When the US invaded in late 2001, Hekmatyar saw his way back in to Afghan politics and declared his opposition to the invasion. Iran, which in the pre-“Axis of Evil” days following 9/11 was trying to be helpful to the American war effort, expelled Hekmatyar, and he and his followers moved back into Afghanistan and began to fight alongside the Taliban, their former enemies. He may have been partially responsible for smuggling bin Laden and the rest of al-Qaeda’s high command out of Tora Bora and into Pakistan–at least, he says he was. In 2008, with al-Qaeda in tatters and the Taliban out of power, Hekmatyar shifted again, declaring hilariously that he had no ties to either of those groups, in an effort to gain some kind of role in Hamid Karzai’s government. He’s always been seen as more amenable to negotiations with Kabul than the Taliban or the Haqqani network, the other two main poles (which may really be the same pole at this point) of the Afghan resistance, and, lo and behold, apparently he really was. Yes, Virginia, there is a Santa Claus.

Under the terms of the deal as they’ve been reported, Hizb-i Islami is now out of the fight, and in turn Hekmatyar will be pardoned for his extensive list of crimes against the Afghan people and will be allowed to return to the political process in some fashion. International sanctions that have been levied against him (RE: his extensive list of crimes) will be lifted. He’ll also be given an “honorary” position in the government that supposedly doesn’t have any actual power, and cynics among you (well, among us) may be wondering how that’s going to work given that the current Afghan “unity” government hasn’t really been able to sort out the offices it already has (hello, “Chief Executive Officer” Abdullah! What’s that? You’re calling President Ghani “unfit for office” today? Well, that seems perfectly normal and stable to me!), but please don’t harsh everybody’s buzz over those sorts of details.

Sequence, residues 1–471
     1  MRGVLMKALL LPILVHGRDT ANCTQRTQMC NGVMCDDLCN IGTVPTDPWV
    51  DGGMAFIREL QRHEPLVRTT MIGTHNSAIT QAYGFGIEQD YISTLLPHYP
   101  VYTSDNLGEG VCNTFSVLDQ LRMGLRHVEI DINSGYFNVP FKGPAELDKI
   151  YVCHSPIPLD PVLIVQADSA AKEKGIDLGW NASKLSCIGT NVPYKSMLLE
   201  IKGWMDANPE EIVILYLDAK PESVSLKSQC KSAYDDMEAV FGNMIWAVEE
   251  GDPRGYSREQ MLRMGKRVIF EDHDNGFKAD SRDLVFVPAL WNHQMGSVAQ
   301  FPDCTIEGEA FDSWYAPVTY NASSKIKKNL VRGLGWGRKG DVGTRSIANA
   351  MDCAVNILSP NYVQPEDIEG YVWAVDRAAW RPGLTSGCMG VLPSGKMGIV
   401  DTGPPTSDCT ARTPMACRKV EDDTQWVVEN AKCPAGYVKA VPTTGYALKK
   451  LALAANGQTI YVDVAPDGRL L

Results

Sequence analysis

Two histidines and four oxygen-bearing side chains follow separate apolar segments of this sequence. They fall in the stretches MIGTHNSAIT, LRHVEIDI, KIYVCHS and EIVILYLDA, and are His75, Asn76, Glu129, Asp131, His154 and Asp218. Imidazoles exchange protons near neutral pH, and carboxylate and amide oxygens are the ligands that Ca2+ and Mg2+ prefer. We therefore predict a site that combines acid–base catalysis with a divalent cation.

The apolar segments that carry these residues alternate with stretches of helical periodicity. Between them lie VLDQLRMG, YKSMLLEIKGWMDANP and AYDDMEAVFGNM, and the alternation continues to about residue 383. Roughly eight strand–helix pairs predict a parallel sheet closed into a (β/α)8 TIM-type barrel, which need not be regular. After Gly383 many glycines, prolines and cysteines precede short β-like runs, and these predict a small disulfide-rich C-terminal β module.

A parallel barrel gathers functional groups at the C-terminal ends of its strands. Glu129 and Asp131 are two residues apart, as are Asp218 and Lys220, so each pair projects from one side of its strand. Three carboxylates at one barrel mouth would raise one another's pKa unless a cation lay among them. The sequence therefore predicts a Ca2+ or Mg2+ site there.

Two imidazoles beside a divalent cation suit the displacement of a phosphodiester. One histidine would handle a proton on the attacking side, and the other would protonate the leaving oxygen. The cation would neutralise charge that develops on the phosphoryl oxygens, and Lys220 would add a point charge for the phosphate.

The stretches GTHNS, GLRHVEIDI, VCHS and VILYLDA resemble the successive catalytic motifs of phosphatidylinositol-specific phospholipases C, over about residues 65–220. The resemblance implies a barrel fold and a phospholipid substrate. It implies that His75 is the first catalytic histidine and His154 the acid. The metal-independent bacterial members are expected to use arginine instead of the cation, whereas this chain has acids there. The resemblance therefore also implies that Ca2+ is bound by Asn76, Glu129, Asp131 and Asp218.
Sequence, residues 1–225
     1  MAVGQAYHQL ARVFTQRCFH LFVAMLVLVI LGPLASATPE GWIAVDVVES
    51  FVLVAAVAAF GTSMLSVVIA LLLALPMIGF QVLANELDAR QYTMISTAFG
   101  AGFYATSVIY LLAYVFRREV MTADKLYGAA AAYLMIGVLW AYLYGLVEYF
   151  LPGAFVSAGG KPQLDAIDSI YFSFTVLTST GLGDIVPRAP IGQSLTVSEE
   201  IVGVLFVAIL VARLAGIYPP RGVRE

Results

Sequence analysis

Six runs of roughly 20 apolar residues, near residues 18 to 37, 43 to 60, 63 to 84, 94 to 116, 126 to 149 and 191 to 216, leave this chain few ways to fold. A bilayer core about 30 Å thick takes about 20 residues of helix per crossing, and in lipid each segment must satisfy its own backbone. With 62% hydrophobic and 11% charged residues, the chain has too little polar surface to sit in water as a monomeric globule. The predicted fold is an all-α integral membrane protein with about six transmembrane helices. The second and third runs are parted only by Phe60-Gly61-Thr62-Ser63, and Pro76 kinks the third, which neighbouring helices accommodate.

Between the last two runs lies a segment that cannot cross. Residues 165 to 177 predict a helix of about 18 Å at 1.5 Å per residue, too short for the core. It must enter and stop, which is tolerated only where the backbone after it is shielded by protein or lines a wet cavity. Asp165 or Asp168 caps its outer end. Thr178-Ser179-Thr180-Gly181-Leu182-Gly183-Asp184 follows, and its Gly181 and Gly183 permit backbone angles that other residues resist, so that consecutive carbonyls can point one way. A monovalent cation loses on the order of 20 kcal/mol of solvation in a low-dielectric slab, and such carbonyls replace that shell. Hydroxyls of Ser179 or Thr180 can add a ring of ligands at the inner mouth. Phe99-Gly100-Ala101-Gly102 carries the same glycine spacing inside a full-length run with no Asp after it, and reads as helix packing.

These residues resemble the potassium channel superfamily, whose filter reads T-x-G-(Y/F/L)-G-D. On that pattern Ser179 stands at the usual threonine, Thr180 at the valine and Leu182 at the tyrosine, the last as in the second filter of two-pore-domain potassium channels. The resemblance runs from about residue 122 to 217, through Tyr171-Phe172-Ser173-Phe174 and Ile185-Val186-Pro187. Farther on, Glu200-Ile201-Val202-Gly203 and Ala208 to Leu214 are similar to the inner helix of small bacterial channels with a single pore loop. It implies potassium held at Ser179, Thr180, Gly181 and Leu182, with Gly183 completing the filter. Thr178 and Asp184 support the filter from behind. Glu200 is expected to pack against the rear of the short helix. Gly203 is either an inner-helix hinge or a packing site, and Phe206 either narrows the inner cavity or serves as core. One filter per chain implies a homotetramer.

Seriously though, this is one of the two/three prongs of the Afghan civil war who just reached a deal with Kabul to stop fighting, and that’s nothing to sneeze at even if accomplishing the same thing with the other prong(s) promises to be a much heavier lift. If it wasn’t already clear before, recent events in Afghanistan have made it clear that there will not be a military end to the civil war. After 15 years of violence, the Taliban, incredibly, controls more of the country today than it has controlled at any time since the very early days of the US invasion–maybe as much as half the country, though as so much of Afghanistan is sparsely populated it’s hard to know exactly who controls what. The money the US keeps spending to build up an Afghan army and an Afghan civil society isn’t accomplishing anything, to a large extent because it’s very difficult to build up state institutions in the midst of an active civil war. So negotiations are the only way to end this war, and this deal with Hekmatyar–assuming he doesn’t “opportunistically” decide to reverse himself on it at some point–is at least some movement in that direction.